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Top-up loan v/s personal loan: What is the right option for you?

Prerna took a home loan around three years ago to buy an apartment. Now, she needs to have her kitchen redone and her living room refurnished. Funds are running low and she is not keen on dipping into her savings to pay for a renovation. Does she have an option other than a personal loan? The answer is ‘yes’. She can opt for a top-up loan on her home loan. But, should she choose it over a personal loan? Read on to find out the answer.

Top-up loan and personal loan

Banks or non-banking financial companies (NBFCs) give a top-up loan over and above an existing home loan. You are eligible for one if you have paid the equated monthly instalments (EMIs) on your home loan on time. You must also have a good repayment record or credit rating. This can be from a bank or an NBFC. For instance, Prerna took a home loan of Rs.70 lakh. She has been paying the EMIs on time for two years. In these two years, her income has risen, making her eligible for a top-up loan. So, if you have repaid a part of the home loan, you can apply for a top-up loan.

In contrast, a personal loan is a general-purpose loan. You can use it to your discretion. It could be for education, making purchases, repaying debts, home construction, or meeting any other need. Personal loans also have eligibility requirements, and you can avail one if you qualify for it. They usually have high-interest rates and shorter tenors compared to top-up loans.

What’s best? Top-up loan or personal loan?

Top-up loans are quite beneficial compared to personal loans. Here are some features of a top-up loan that makes it a better choice:

1. Lower interest rates

The interest rates on top-up loans are 1% to 2.5% higher than those on home loans and relatively lower than those on personal loans. Top-up loans are pretty cheap when you compare them with personal loans. Usually, home loans have an interest rate of 9.35% to 10.50% per annum. Personal loans have higher interest rates ranging between 12% and 24% per annum.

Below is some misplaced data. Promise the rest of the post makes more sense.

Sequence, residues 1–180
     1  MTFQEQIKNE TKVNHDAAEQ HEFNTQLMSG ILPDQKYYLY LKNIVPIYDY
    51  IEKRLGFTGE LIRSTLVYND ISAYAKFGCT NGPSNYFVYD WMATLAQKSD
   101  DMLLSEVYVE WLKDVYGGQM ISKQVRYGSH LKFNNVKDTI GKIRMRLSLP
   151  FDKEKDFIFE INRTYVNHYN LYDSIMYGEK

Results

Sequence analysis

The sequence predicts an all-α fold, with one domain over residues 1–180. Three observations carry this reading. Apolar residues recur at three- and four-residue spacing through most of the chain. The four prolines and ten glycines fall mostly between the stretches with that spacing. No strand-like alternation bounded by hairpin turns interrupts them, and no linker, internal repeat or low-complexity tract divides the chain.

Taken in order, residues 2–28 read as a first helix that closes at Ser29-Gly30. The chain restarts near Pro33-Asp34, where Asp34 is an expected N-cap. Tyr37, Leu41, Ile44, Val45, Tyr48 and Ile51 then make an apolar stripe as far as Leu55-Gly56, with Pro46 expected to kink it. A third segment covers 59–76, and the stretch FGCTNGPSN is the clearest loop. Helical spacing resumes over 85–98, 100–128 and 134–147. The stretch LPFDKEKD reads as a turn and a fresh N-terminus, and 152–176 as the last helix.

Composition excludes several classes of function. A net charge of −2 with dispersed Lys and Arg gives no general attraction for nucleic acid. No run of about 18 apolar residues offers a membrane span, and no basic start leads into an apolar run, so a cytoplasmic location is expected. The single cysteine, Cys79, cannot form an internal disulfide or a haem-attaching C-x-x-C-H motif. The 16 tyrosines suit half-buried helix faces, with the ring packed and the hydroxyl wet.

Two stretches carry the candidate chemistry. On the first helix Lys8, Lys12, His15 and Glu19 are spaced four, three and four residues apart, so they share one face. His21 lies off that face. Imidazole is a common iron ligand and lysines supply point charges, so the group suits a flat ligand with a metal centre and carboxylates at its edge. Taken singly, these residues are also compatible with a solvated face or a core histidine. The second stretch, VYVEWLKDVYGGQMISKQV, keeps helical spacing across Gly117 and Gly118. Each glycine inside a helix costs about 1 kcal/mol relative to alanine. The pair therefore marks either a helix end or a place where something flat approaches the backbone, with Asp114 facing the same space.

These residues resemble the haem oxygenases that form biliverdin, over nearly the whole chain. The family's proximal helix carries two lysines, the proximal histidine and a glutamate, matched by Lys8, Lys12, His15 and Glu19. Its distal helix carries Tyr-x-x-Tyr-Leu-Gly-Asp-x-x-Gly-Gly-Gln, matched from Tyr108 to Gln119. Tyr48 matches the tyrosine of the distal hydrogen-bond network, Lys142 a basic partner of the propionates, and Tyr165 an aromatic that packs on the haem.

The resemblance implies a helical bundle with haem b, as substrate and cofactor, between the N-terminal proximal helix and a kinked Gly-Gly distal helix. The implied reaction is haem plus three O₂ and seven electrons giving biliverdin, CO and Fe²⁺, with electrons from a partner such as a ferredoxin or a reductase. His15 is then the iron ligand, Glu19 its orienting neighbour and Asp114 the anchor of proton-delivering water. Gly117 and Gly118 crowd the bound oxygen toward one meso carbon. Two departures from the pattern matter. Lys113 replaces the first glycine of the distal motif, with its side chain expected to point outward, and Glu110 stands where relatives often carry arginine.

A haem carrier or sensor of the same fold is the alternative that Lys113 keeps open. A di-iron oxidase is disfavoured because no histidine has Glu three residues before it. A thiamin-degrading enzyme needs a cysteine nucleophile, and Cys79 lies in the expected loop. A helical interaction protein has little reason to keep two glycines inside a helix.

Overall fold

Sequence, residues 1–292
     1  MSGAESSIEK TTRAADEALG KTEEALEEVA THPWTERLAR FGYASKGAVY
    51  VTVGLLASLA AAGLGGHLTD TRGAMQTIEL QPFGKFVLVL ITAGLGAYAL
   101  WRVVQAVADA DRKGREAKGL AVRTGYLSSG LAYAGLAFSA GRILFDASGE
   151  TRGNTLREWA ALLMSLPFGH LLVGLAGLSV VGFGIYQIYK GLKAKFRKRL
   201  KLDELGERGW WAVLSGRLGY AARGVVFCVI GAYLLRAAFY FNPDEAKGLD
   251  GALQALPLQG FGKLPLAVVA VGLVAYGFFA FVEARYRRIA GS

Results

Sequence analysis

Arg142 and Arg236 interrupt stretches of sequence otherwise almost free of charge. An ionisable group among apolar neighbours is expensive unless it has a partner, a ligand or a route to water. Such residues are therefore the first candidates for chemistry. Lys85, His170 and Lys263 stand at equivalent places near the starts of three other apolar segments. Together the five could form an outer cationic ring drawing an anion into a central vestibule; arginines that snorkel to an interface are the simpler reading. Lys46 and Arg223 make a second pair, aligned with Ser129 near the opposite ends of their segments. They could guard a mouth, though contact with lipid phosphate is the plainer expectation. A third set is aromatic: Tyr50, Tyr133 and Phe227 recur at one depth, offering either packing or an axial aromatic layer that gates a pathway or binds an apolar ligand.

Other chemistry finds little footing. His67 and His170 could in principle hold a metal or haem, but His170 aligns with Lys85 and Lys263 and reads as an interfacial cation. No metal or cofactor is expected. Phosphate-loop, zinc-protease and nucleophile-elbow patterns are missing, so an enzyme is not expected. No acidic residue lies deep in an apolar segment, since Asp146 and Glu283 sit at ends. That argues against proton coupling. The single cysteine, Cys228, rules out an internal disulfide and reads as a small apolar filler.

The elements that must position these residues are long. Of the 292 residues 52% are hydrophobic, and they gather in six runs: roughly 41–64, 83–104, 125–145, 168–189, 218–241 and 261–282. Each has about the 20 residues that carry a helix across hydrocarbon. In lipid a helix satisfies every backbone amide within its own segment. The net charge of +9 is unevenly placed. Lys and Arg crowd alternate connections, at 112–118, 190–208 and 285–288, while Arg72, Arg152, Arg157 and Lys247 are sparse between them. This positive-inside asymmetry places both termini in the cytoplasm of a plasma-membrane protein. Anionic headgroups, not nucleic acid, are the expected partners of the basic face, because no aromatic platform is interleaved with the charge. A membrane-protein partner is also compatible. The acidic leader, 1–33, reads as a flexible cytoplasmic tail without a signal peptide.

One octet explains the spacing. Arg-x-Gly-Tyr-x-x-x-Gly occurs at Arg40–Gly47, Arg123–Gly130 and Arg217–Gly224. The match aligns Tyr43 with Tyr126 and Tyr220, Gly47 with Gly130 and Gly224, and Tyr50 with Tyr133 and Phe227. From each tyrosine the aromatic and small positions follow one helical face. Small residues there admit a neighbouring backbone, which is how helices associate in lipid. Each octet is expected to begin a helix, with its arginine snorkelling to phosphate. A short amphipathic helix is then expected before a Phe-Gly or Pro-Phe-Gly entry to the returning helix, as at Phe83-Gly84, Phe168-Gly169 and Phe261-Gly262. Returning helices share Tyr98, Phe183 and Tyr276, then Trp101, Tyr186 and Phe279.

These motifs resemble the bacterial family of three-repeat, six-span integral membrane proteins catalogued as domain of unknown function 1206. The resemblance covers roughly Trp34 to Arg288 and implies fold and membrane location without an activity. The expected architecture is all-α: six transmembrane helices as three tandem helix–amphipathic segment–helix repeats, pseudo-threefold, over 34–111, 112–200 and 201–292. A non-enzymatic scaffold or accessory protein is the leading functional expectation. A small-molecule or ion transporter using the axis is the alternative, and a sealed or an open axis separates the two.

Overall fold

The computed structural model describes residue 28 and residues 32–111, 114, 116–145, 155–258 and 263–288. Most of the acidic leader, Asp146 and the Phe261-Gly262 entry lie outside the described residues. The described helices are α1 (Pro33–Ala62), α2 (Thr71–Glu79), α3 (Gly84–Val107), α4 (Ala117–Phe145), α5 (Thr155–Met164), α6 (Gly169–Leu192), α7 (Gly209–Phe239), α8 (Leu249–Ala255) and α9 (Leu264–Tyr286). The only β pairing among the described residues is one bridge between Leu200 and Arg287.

2. Longer tenor

It is easier to pay off a top-up loan, as the tenor is longer. You can spread out your payments over a longer period and fit it in your monthly budget. It is available for a tenor of 15 to 20 years while a personal loan’s tenor is at most seven years. Lower interest rates, coupled with a shorter tenor, translate into lower EMIs. You can use an EMI calculator to calculate these.

3. Easy approval

Since you already have a home loan, the lender will easily approve a top-up loan. This is only if you have not defaulted on the loan, and paid the EMIs at regular intervals. Personal loans can have slightly stringent eligibility criteria. They are not processed quite as quickly either.

4. Usage

You can use a top-up loan for both personal or professional needs. You can meet wedding expenses, buy a car, fund a vacation or education, and make the down-payment if you plan to buy property. Most lenders do not ask you for proof of usage. At lower interest rates and longer tenors, it is a better alternative to a personal loan.

5. Tax benefits

You also enjoy tax benefits under sections 80C and 24B on a top-up loan, provided you are using it for renovation purposes. If you use the loan for any other purpose, you will not be eligible for tax benefits.

To sum it up

No doubt, top-up loans seem like an attractive option. But, you have to remember that you should have made EMI payments for at least six to 12 months to avail one from your lender. You also cannot prepay a home loan before you pay off the top-up loan. You can avail a personal loan at any point of time and from any lender. In the end, pick an option that best suits your situation.